‘Lawnmower parenting’: What it is and how it affects children

Move over helicopter parents, there’s a new boss in town; the lawnmower parent – and it’s not doing our kids any favours. 

What is ‘lawnmower parenting’?

Going a step further than your typical hovering helicopter parent, the lawnmower parent gets ahead of their child, smoothing and clearing the path before they have even taken a step outside. 

No doubt all parents will agree that one of the hardest parts about being a parent is watching their child experience pain, or struggle through situations that cause discomfort or unhappiness – no matter how temporary.

However, according to KidSafe NSW, an organisation that promotes injury prevention and education in children, risky play is actually very beneficial to childhood development. 

Learning mastery through play and exploration helps to encourage a child’s self-confidence and well-being, as well as offering them the experience of engaging with their natural environment. 

Listen to child care manager Denielle Jens discuss helicopter parenting:

Risky business

Echoing these benefits surrounding risky play, Vicci Oliver, Founder and Director of Wildling’s Forest School on the Sunshine Coast, says lawnmower parents are doing their children a disservice. 

“Children that learn to manage risk in a developmentally appropriate way are more likely to be able to regulate their emotions surrounding fear and anger,” says Oliver.

Learning how to manage and assess their own levels of risk and danger is a vital life skill.

“When children are in charge of their own play, through risk-taking, decision-making and problem-solving, they begin to master a repertoire of skills that will guide their decisions surrounding limits, boundaries and personal safety throughout their entire life,” Oliver adds. 

Wildlings Forest School is one of many forest schools across Australia, and takes places predominantly outdoors in an open and child-led environment, free from structure – a far cry from the sterile environments and experiences that lawnmower parents try to create for their children.


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Improved academic performance

When attempting to minimise any possible threat, lawnmower parents are also depriving their children of an enriched learning experience in the classroom. When left to their own devices without the constant input or guiding of their parents, children are not only able to make good decisions, their grades improve too. 

In a recent article published by the ABC, Dr Kathleen Bagot praised the role that outside playtime offered children – highlighting a 5 per cent to 10 per cent increase in children’s academic performance in children that were offered increased experiences outdoors and exposure to risk-taking.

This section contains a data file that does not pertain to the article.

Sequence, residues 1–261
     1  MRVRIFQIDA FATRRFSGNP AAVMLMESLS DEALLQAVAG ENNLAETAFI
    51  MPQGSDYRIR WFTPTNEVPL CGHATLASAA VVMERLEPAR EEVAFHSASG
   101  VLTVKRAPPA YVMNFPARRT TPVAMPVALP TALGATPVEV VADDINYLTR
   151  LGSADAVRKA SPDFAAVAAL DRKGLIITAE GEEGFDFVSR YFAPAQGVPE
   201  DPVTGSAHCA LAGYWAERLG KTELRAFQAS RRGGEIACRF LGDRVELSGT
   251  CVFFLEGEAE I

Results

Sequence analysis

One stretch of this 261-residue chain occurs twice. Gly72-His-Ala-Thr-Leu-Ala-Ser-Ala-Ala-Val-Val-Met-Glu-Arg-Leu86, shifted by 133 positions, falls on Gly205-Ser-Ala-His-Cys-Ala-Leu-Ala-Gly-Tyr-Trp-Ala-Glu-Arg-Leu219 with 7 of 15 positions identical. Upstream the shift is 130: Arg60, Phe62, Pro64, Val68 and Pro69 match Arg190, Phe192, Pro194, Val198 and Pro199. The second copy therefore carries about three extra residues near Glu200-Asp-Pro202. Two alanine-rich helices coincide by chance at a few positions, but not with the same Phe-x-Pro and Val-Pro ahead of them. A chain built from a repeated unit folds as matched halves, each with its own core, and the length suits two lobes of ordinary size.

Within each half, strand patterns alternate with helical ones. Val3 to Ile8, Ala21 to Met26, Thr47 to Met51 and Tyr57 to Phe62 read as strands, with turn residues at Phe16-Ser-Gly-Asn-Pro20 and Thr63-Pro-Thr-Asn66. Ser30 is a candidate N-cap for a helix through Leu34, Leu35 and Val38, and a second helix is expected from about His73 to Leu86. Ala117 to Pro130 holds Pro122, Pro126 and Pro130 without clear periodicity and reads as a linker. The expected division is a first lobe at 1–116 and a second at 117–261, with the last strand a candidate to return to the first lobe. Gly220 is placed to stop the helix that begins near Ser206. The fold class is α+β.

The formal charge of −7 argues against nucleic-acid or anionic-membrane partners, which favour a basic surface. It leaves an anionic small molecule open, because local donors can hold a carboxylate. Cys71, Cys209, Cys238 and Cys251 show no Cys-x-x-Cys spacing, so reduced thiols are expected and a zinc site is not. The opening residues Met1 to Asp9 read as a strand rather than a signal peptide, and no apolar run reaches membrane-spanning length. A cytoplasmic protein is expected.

“What we’re seeing is children actually engaging with their space in a natural way, without any direction from adults and in a very unstructured play space,” she said.

There is even a documented increase in childhood mental disorders as a result of children not being offered opportunities to play freely, as well as reduced gross-motor and fitness skills.

Happy mum and boy

‘We aren’t doing our children any favours’

So it’s clear we aren’t doing our children any favours with this type of childhood micro-management.

As lawnmower parents feel the pull to remove possible challenges or risks that come their child’s way, remember that learning how to fail and recover is a character-building skill that is vital for children to develop resilience.

Raising resilient children

According to Dr Justin Coulson, Child Psychologist and Director of the Happy Families website, the key to boosting childhood resilience is to create a connection with your child.

Justin says if a child feels like they have a parent who cares about them and listens to them – they can then build on their resiliency throughout their childhood. Parents can achieve this with a few simple changes, for example turning off the smartphone, more cuddles, offering more opportunities for autonomy, keeping calm and making time to do nothing.

Ultimately, carving out a bump-free childhood may feel like a good idea, but actually, the evidence is pointing towards the latter. Allowing children to climb trees, experiment with risky-play – bumps, bruises and all –  builds character, resilience and problem-solving skills that will stay will them for life. 

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